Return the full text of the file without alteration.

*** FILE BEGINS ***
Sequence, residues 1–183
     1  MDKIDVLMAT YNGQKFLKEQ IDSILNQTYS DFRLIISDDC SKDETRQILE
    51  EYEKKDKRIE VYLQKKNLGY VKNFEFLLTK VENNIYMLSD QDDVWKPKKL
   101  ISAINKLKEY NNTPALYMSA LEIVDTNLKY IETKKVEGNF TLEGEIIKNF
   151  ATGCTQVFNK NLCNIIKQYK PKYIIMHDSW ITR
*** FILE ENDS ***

Sequence, residues 1–183
     1  MDKIDVLMAT YNGQKFLKEQ IDSILNQTYS DFRLIISDDC SKDETRQILE
    51  EYEKKDKRIE VYLQKKNLGY VKNFEFLLTK VENNIYMLSD QDDVWKPKKL
   101  ISAINKLKEY NNTPALYMSA LEIVDTNLKY IETKKVEGNF TLEGEIIKNF
   151  ATGCTQVFNK NLCNIIKQYK PKYIIMHDSW ITR